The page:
Get help if you need it
If you have been reading this and alarm bells are ringing, you may want to think about seeking professional help. If food or even body image has become something of an obsession or it dominates your thought life, perhaps it is time to see someone who specializes in treating eating disorders.
Yes, PCOS can be managed by the foods that we eat. But, obsessing or thinking about food or your PCOS all of the time is not helpful longer term and may seriously impact on your quality of life.
Follow the 80/20 Principle
There is no doubt in my mind that following a good PCOS diet is helpful for PCOS. But striving for perfection is exhausting and unrealistic. There may well be times that you fall off the bandwagon, give into cravings, have whatever the heck you want.
And that is OKAY!
If you were to follow the guidelines for a PCOS diet 80% of the time, it gives you leeway to “let your hair down” and not give into the guilt and shame associated with it. Does that mean that we can all go on a binge?
No. Binge eating is defined as “the consumption of large quantities of food in a short period of time, typically as part of an eating disorder.”
Giving yourself the freedom to stray from your normal eating patterns does not mean that you have to completely binge. Eating less healthy food choices in moderation is very different from displaying binge eating behaviours that are unhealthy in the long term.
Avoid Fad or Crash Diets
Dr. Gottlieb is a clinical psychologist specializing in the treatment of eating disorders. She recommends that we avoid fad or crash diets. They tend to be too restrictive and can be hard to sustain. So, although we may be able to stick to them over the short term, longer term they are likely to result in binge eating behaviours.
Change your Focus
So many of us struggle with weight and that becomes our focus, leading us to weigh ourselves daily or multiple times each day. Instead of focusing solely on weight, it would be more helpful to change the narrative, focusing on being healthy instead of just focusing on weight loss.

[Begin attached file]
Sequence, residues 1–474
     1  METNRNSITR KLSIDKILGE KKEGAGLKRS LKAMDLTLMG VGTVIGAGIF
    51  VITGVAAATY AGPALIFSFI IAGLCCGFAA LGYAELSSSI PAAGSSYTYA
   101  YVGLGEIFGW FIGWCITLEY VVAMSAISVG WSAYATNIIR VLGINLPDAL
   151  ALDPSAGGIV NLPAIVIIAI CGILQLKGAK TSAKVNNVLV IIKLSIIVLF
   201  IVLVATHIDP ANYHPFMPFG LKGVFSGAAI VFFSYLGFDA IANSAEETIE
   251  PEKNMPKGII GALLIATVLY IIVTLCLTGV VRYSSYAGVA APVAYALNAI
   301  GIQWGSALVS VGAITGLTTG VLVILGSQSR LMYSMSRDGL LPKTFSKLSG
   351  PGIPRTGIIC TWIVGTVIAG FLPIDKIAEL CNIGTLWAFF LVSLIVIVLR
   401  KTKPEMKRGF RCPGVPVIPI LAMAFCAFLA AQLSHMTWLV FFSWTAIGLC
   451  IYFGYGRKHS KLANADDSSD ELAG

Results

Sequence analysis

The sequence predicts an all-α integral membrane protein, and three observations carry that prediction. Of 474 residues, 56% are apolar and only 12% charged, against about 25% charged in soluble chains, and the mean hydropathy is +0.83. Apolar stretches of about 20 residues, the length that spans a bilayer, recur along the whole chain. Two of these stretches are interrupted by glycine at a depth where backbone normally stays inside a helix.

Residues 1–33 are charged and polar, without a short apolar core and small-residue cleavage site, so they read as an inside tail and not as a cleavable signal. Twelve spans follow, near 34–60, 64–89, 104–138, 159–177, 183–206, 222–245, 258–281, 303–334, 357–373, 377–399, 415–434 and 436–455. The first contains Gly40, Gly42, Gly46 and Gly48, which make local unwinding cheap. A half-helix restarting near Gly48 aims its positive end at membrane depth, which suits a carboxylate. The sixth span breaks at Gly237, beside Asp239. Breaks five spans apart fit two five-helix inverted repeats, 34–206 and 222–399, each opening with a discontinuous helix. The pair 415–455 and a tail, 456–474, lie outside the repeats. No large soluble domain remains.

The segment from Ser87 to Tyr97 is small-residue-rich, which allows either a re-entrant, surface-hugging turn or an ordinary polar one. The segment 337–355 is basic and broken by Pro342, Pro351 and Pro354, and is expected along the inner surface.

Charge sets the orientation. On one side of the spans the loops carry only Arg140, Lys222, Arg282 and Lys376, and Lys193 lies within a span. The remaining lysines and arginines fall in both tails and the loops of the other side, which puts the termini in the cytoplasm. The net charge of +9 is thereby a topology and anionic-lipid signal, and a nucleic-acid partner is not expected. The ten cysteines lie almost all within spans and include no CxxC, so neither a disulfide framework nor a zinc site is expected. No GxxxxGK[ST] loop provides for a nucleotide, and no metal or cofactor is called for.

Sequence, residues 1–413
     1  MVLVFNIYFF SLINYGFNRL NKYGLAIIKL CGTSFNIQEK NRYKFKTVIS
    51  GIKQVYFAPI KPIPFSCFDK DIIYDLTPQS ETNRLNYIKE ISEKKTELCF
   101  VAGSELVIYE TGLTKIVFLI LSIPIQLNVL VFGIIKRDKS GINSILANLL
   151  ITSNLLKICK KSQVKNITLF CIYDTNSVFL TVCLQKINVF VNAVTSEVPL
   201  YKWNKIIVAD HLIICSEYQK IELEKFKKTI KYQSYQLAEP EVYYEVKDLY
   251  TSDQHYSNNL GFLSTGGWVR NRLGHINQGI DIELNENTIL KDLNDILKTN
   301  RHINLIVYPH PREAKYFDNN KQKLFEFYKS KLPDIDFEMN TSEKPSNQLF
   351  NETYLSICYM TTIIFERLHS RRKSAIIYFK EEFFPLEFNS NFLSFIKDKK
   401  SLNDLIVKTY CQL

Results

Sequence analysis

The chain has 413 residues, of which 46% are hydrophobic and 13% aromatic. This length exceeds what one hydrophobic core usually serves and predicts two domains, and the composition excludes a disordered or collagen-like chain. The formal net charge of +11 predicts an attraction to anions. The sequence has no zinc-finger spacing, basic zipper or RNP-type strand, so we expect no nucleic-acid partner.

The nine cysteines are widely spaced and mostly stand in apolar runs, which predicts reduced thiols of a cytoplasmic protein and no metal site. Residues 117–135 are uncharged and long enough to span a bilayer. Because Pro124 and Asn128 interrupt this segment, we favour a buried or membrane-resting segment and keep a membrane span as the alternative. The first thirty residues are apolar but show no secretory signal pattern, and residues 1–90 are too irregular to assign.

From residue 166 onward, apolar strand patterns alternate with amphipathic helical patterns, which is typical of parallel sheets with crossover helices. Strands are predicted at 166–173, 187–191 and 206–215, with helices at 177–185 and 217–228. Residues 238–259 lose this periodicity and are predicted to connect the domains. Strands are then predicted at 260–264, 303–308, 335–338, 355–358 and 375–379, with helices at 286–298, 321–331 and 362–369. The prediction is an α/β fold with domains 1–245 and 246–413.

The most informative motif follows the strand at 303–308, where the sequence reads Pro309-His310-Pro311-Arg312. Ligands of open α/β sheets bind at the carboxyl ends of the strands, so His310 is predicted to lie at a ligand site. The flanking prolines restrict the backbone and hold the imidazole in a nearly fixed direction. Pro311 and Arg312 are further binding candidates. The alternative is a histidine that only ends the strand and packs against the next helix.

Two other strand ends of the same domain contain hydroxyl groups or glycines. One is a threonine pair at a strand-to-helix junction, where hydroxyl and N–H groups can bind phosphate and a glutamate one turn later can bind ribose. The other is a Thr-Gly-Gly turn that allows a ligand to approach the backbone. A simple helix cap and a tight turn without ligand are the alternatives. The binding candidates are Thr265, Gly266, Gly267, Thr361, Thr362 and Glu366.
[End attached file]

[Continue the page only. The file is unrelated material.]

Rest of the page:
For example, instead of thinking “I’m going to restrict my calories to x amount to help me lose weight.” Change the narrative to “I’m going to focus on eating a wide variety of whole foods and less processed foods to better manage my hormones and be healthy with my PCOS.”
The focus is on longer-term health, not just weight loss.
In summary, in our effort to be as healthy as we can with PCOS, we need to be aware of the risk of developing disordered eating patterns and try to steer clear of this. If you do feel you have developed unhealthy eating patterns and need extra help, I really want to encourage you to seek professional help.
If you have any experience of disordered eating with PCOS, I would love to hear from you and learn from your experience of this all-important topic!
1Lee, I; Cooney, LG; Saini, S; et al. Increased odds of disordered eating in polycystic ovary syndrome: a systematic review and meta-analysis. EATING AND WEIGHT DISORDERS : EWD, 2019.
2Jeanes, Y, M; Reeves, S; Gibson, E.L; et al. Binge eating behaviours and food cravings in women with Polycystic Ovary Syndrome. APPETITE, 2017.